New! The Barbecue Series 14: Labor of Love
Date: Saturday, September 04, 1999

Category: Story, MSR, MulderANGST, LiteMulderTorture

Rating: PG-13 for language; minimally graphic violence.

Spoilers: Let's just say through season 6, to be safe.

Summary: Mulder's got big plans for this Labor Day weekend, and then
BigBrotherBilly gets wind of it. Let the angst begin!

Archive: Yes

Disclaimer: The names you recognize belong to 10/13 productions and Chris
Carter. I'm just borrowing them, and since I've learned to play nice in the
sandbox, I promise to return them in one piece.

Introduction: It picks up in the Barbecue Series Universe and follows the
incidents of # 13, and it would probably make more sense if you knew what how
this universe works. There's actually something called continuity in this
universe. (Hey CC, try it sometime…you might like it! I know I would.

To my friend and fellow fanfic writer, Vickie, thanks for the quick
turnaround on this one. Thanks for the 'cocktail tip,' and the trip to the
er is all for you. <G>

Real life has once again reared its ugly head and the school doors are now
open! Instead of just concentrating on the lives of our heroes, I have to
think about teaching 'place value' and 'D.O.L.' Oh joy! So, you have to
know I would really appreciate hearing from you. Feedback is definitely

The Barbecue Series 14: Labor of Love
By Susan Proto (

Part 1/2

I finger the small velvet box that's tucked away, hidden, in my pants pocket.
Knowing Scully the way I do, I probably shouldn't have gone out and picked
it out without her, but knowing Scully the way I do, I know it's perfect.

I admit it; I've been nervous for the entire week while waiting for this day
to come. Scully has asked me a couple of times already if I'm okay, but I
brushed her off easily enough. When I think about it, it's actually amazing
she's let me get away with my moodiness; maybe she suspects something's up.
If she does, she hasn't let me know about it.

She's showering now, while I sit here wondering if proposing to her while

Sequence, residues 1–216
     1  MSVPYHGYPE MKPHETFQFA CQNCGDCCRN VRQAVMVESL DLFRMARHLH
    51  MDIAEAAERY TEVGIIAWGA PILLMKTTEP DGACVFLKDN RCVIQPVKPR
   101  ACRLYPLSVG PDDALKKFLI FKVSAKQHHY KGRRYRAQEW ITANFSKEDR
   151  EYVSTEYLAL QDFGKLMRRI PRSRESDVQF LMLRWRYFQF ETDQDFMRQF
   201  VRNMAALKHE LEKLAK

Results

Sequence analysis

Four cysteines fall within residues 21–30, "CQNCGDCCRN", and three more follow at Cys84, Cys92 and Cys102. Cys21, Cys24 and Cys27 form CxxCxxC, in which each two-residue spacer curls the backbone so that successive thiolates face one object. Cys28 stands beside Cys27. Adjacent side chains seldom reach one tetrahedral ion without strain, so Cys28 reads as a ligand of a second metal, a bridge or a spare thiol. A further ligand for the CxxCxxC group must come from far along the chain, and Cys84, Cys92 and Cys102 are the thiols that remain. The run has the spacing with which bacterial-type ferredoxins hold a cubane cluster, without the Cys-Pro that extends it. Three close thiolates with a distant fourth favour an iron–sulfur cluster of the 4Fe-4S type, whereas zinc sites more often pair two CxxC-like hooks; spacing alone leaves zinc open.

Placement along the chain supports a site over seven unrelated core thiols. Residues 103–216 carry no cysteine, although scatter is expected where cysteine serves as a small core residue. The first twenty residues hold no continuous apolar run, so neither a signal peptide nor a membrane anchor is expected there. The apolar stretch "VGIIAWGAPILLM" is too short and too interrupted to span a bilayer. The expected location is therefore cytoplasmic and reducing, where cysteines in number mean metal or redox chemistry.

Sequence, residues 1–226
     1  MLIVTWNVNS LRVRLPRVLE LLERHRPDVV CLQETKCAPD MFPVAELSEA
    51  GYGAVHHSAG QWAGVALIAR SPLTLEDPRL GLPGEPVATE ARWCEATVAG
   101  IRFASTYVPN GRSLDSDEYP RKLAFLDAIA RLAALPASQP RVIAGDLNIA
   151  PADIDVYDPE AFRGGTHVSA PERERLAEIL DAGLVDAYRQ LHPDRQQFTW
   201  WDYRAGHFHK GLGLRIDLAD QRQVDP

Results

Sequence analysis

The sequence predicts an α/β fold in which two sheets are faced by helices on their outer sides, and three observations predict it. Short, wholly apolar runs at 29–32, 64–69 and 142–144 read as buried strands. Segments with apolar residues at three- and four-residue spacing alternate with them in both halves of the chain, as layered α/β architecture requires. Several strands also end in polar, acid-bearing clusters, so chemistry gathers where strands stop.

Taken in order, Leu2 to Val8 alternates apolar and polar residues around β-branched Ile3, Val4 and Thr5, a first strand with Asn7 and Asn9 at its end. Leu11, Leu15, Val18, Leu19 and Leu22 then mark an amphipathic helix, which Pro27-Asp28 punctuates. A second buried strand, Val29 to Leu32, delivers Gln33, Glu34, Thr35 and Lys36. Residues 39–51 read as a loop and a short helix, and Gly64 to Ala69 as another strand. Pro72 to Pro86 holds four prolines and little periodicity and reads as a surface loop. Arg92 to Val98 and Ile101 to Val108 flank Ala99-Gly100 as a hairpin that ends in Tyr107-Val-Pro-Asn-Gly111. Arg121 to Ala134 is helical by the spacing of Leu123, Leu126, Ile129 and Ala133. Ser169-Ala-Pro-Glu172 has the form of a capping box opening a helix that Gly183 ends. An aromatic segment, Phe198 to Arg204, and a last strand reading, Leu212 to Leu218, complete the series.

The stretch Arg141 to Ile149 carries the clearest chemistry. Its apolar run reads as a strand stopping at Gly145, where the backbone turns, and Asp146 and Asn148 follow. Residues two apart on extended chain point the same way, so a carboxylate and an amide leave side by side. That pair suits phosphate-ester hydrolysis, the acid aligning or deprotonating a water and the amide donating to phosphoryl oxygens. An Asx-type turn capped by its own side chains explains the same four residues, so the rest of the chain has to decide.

we're at Mom's annual Labor Day barbecue is the wisest move I'll ever make.
Probably not, but then again, I'm not known for my wisdom, am I?

We've talked about getting engaged, but it's always been just that. Talk. I
don't know if Scully thinks we're okay just the way we are or not; all I know
is I'm ready to make the commitment official.

I actually saw some gray hairs around my temples a couple of weeks ago, and I
came to the brilliant conclusion I'm not getting any younger. Which means
neither is Scully. It's not that she isn't still the most beautiful woman on
the face of the earth; that's not what I'm talking about at all.

We've been having our 'what is normal?' discussions more frequently, and not
because she's initiating it, but because I am. It all started when we had to
go to San Diego, because that damned car hit Matty. God, he was so banged
up. I couldn't be there at first; I had to finish up with that fucking
serial case, and I felt so helpless. I knew I had to stay on the case, but I
wanted to be in San Diego for Dana and her family.

And I wanted to be there for Matty, of course. I love this little boy so
much, and the amazing thing is I know he loves me. It's a wonderful feeling.
It really is.

But I want that feeling with a child of my own, too. I want to share that
feeling with a child that Dana and I bring up, together.

I don't know if any of her ova are viable. I don't know if anything can be
done about her infertility. Maybe she'll be open to using a surrogate,
though I think I'd prefer to adopt; I pray that if it comes down to only that
option, she will be equally willing.

But, first, I have to ask her to marry me.

I squeeze the little velvet box again to see if it will give me strength to
carry through my plan for the day. I'm getting more and more nervous and I
wonder if my plan isn't really foolhardy.

I suspect it's downright stupid, but like I said, I'm not exactly known for
my wisdom.

"Mulder? What time is it?" Scully calls out from the shower.

"It's almost eleven-thirty," I call back.

"Damn! We're running late! Why didn't you tell me?" she asks with a little

"Sorry," I apologize, "I got lost in thought."


It's almost one o'clock by the time we pull onto the street. There's no
space left in the driveway, as I see the rentals representing Charlie and his
family, as well as Bill and his family, are in the driveway. Having little
kids gives you first dibs on the driveway rights.

We park behind the AD's car a few houses down.

I don't jump out of the car immediately and I feel Scully reach for my hand.
"You're awfully quiet today. Feel okay?"

"Yeah. Must be that time of the month," I jest halfheartedly.

She doesn't comment; bless this woman, she knows when to persist, but she
also knows when I need her to back off. This is one of those times. I don't
know how she realizes it, but she does. I think that's one of the best
reasons I have for marrying this woman and make sure she's with me forever.
No one else can read me like she can. I don't want to chance losing this.

We walk up the street and I can already see Charlie's kids, Briana and
Daniel, playing with Bill's boy, Matty, on the front lawn. As Dana and I
step up to the front walk, Matty looks up and sees me before the others.

"Unc-Key Mulder!" he screeches and before I know it I have been toppled over
by three screaming children. They are literally swarming all over me, while
I lay flat on my back on the front lawn. Scully of course is laughing so